Risk-takers: They approach unfamiliar situations and uncertainty with courage and forethought, and have the independence of spirit to explore new roles, ideas and strategies. They are brave and articulate in defending their beliefs.

Balanced: They understand the importance of intellectual, physical and emotional balance to achieve personal well-being for themselves and others.

Reflective: They give thoughtful consideration to their own learning and experience. They are able to assess and understand their strengths and limitations in order to support their learning and personal development.

Introduction to CAS
CAS is at the heart of the Diploma Programme. With its holistic approach, CAS is designed to strengthen and extend a student’s personal and interpersonal learning.
CAS is organized around the three strands of creativity, activity and service defined as follows.

  • Creativity—exploring and extending ideas leading to an original or interpretive product or performance
  • Activity—physical exertion contributing to a healthy lifestyle
  • Service—collaborative and reciprocal engagement with the community in response to an authentic need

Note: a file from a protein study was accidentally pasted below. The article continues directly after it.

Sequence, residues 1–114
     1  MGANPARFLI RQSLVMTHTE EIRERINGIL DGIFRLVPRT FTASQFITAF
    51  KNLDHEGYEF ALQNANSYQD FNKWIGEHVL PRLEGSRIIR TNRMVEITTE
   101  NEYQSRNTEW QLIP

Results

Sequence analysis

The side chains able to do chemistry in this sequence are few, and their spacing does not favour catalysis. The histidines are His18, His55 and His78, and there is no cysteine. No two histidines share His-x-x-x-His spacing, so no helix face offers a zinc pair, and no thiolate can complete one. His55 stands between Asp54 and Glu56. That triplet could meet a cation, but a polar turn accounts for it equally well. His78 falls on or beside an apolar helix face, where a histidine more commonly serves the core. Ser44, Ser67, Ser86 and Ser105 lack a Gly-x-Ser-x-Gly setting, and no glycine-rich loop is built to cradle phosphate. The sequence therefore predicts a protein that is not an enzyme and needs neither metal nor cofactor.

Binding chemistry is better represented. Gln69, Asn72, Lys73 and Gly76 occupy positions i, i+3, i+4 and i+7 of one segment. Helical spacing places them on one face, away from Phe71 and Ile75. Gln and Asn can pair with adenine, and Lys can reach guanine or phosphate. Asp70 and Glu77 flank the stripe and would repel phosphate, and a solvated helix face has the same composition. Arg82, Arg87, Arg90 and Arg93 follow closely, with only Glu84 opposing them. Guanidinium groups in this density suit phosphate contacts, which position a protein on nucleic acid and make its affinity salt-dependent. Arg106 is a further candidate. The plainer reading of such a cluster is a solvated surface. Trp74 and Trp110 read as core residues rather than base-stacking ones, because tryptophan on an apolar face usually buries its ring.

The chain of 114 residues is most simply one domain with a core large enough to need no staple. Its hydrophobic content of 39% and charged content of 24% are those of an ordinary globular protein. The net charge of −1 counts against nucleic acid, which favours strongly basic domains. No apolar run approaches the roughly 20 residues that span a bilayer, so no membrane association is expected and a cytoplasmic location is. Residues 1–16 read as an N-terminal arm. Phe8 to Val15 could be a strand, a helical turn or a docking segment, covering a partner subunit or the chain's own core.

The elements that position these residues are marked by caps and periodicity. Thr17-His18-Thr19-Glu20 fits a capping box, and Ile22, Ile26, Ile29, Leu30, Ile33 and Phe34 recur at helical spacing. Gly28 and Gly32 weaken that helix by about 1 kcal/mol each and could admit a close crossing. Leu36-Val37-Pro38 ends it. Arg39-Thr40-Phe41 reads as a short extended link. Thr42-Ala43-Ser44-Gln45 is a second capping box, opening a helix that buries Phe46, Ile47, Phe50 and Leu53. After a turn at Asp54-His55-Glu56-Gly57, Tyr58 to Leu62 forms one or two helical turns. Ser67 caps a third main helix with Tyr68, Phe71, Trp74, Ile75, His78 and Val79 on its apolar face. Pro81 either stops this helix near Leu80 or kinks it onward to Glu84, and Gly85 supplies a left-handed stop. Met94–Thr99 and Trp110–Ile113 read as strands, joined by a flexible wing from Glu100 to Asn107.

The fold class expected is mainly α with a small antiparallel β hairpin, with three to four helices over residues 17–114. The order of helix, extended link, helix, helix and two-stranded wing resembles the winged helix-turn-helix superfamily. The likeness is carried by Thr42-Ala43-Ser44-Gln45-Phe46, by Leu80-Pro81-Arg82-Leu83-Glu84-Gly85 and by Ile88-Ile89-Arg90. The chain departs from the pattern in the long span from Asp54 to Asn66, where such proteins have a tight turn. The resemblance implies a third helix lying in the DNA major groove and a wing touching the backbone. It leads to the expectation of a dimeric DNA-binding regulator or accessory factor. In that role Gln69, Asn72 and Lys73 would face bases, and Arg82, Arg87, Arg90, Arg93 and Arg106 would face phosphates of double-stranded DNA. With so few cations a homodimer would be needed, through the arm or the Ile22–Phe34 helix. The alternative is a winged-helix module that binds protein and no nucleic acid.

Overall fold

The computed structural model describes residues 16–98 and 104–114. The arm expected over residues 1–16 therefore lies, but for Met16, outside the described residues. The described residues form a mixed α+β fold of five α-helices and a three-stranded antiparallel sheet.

CAS enables students to demonstrate attributes of the IB learner profile in real and practical ways, to grow as unique individuals and to recognize their role in relation to others. Students develop skills, attitudes and dispositions through a variety of individual and group experiences that provide students with opportunities to explore their interests and express their passions, personalities and perspectives. CAS complements a challenging academic programme in a holistic way, providing opportunities for self-determinationcollaboration, accomplishment and enjoyment.

CAS enables students to enhance their personal and interpersonal development. A meaningful CAS programme is a journey of discovery of self and others. For many, CAS is profound and life-changing. Each individual student has a different starting point and different needs and goals. A CAS programme is, therefore, individualized according to student interests, skills, values and background.